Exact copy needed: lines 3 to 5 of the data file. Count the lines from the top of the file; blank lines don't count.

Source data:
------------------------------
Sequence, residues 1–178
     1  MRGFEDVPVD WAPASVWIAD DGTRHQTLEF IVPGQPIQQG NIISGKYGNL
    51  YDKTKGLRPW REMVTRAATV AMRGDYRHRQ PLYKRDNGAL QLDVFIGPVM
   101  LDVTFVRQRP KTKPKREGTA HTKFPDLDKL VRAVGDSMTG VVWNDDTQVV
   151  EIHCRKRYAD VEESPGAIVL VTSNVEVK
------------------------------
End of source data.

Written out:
    51  YDKTKGLRPW REMVTRAATV AMRGDYRHRQ PLYKRDNGAL QLDVFIGPVM
   101  LDVTFVRQRP KTKPKREGTA HTKFPDLDKL VRAVGDSMTG VVWNDDTQVV
   151  EIHCRKRYAD VEESPGAIVL VTSNVEVK